While Google publicly denounces how evil it is to bundle services, here they are forcing that very practice. During a Net Neutrality debate at the VON conference in March, Google's Richard Whitt (Washington Telecom and Media Counsel) espoused the virtues of consumer choice and how bad it was to force the bundling of services. When I asked him why did Google lobby so hard for the Markey and Snowe-Dorgan amendments last year which would have forced the bundling of Enhanced QoS since no one could buy the service a la carte, I got a good chuckle out of the crowd and Whitt didn't really have an answer for his hypocrisy. Then I grilled Whitt on the fact that it would be far more reasonable to simply ban off-ramp QoS charges and force best practice settlement-free prioritization and Whitt responded by saying that "perhaps this was the actual intent of Market and Snowe-Dorgan".

Of course Google's or Whitt's interpretation of the "intent" of the legislation is meaningless in the eyes of law because the law explicitly bans any charging for QoS. Here's the actual text of the legislation:

If the provider prioritizes or offers enhanced quality of service to data of a particular type, to prioritize or offer enhanced quality of service to all data of that type (regardless of the origin of such data) without imposing a surcharge or other consideration for such prioritization or enhanced quality of service.

While those Net Stupidity amendments were narrowly defeated in committee, there is a new congress that is far more likely to pass it if they were ever given the order from their lobbyists to do so and that is alarming to me and the pioneer of the Internet Dr. Robert Kahn. Kahn who is the father of the Internet recently called "Net Neutrality" a slogan and spoke out that he is totally opposes any legislation (1:47:35 of the video) that bans intelligence on the Internet. Kahn also stated that he disagreed with his former colleague Vint Cerf.

Vint Cerf who later joined Kahn's team on the other hand never bothers addressing the actual fundamental issue of intelligence on the Internet and simply toes Google's company line and misleads the public. During a public debate with the Grandfather of the Internet David Farber, Farber asked Cerf (28:30 on audio) how he proposes to regulate and ban a new International protocol that they deem "discriminatory". Cerf responded (29:00):

Well I would respond on that one. What we’re concerned about is the access part of the net, not the core, not the backbone. But it’s discriminatory access to the network itself. Over that part of the channel we do have reasonable jurisdiction. The access component is here on American soil.

That response from Vint Cerf either indicates that he has not read the actual Net Neutrality legislation he and Google is pushing so hard for or he is misleading the public.  There is absolutely nothing in Markey or Snowe-Dorgan that says anything about an exemption for the core or backbone of the Internet and it simply bans any surcharges on Enhanced QoS.  Cerf later goes on to publicly endorse Congressman Markey as someone who "gets it" on the subject of Net Neutrality which in reality is Net Stupidity legislation.

Ironically, a certain Vint Cerf fan Mitch Ratcliffe who attacked me for my criticism of Net Stupidity claimed that Net Neutrality only worried about ensuring no prioritization on the Backbone of the Internet which was completely shot to pieces Cerf's quotation above. But it doesn't matter if they contradict each other or not because neither Cerf nor his fan Ratcliffe seems to understand how to read a simple paragraph in the actual Net Neutrality legislation.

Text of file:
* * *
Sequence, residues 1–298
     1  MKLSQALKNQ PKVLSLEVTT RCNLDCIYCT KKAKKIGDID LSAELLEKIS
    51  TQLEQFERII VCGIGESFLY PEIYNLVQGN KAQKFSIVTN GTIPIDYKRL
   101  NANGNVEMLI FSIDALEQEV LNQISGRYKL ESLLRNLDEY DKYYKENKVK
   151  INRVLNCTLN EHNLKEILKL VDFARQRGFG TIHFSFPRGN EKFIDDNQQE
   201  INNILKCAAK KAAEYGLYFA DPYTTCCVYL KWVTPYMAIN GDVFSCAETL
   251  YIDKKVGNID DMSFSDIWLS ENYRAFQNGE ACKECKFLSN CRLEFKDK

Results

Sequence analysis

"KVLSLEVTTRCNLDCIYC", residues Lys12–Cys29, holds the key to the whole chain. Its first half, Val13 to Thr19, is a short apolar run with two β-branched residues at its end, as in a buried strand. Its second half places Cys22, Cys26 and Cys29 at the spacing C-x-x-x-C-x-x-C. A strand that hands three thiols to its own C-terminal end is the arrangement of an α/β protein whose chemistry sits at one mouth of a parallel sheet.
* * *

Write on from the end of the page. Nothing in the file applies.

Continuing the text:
Others like Tim Berners-Lee (prototyped the HTTP protocol) loudly proclaim his support for Net Neutrality without ever specifically naming a bill that he favors. On multiple occasions Tim Berners-Lee has said that he thinks charging more for additional bandwidth or prioritization is perfectly legitimate. Here are two quotations:

Quotation one "We pay for connection to the Net as though it were a cloud which magically delivers our packets. We may pay for a higher or a lower quality of service. We may pay for a service which has the characteristics of being good for video, or quality audio."

Quotation two "Net Neutrality is NOT saying that one shouldn’t pay more money for high quality of service. We always have, and we always will."

So again, Berners-Lee either never read the actual Net Neutrality legislation, didn't understand it, or he's misleading the public. Since Berners-Lee has been specifically asked to answer this contradiction on multiple occasions, refuses to debate the specifics or recommend a specific piece of legislation, and he obviously isn't a stupid man that he can't understand it, Berners-Lee has the strangest position on Net Neutrality. Berners-Lee has even done promotional videos with the Net Stupidity lobby but he completely contradicts their cause with his repeated support of differentiated intelligent services on the Internet. But even in the video Berners-Lee contradicts the Net Stupidity proponents. It almost seems like Berners-Lee is torn between his own common sense that we need an intelligent network with differentiated services but he hates to alienate his Net Stupidity fans who hold him up as one of the symbols of their struggle. Is that a harsh assessment of Tim? If the hypocrisy was only once or twice then maybe it is. But Tim is the one that refuses to clarify his hypocrisy or debate the issue.

My position has always been that we need to support true Net Neutrality. I described in my opening arguments how the Internet works on settlement-free connectivity and settlement-free prioritization arrangements where users get to access anywhere on the free and open Internet. As Dr. Kahn the father of the Internet says, we don't have to ban intelligence on the Internet in order to be neutral. What I am opposed to are the Net Stupidity proponents who hide behind the slogan of Net Neutrality and hide behind the fine print of the Markey and Snowe-Dorgan legislation. Like Dr. Kahn I oppose any bans on intelligence inside the Internet.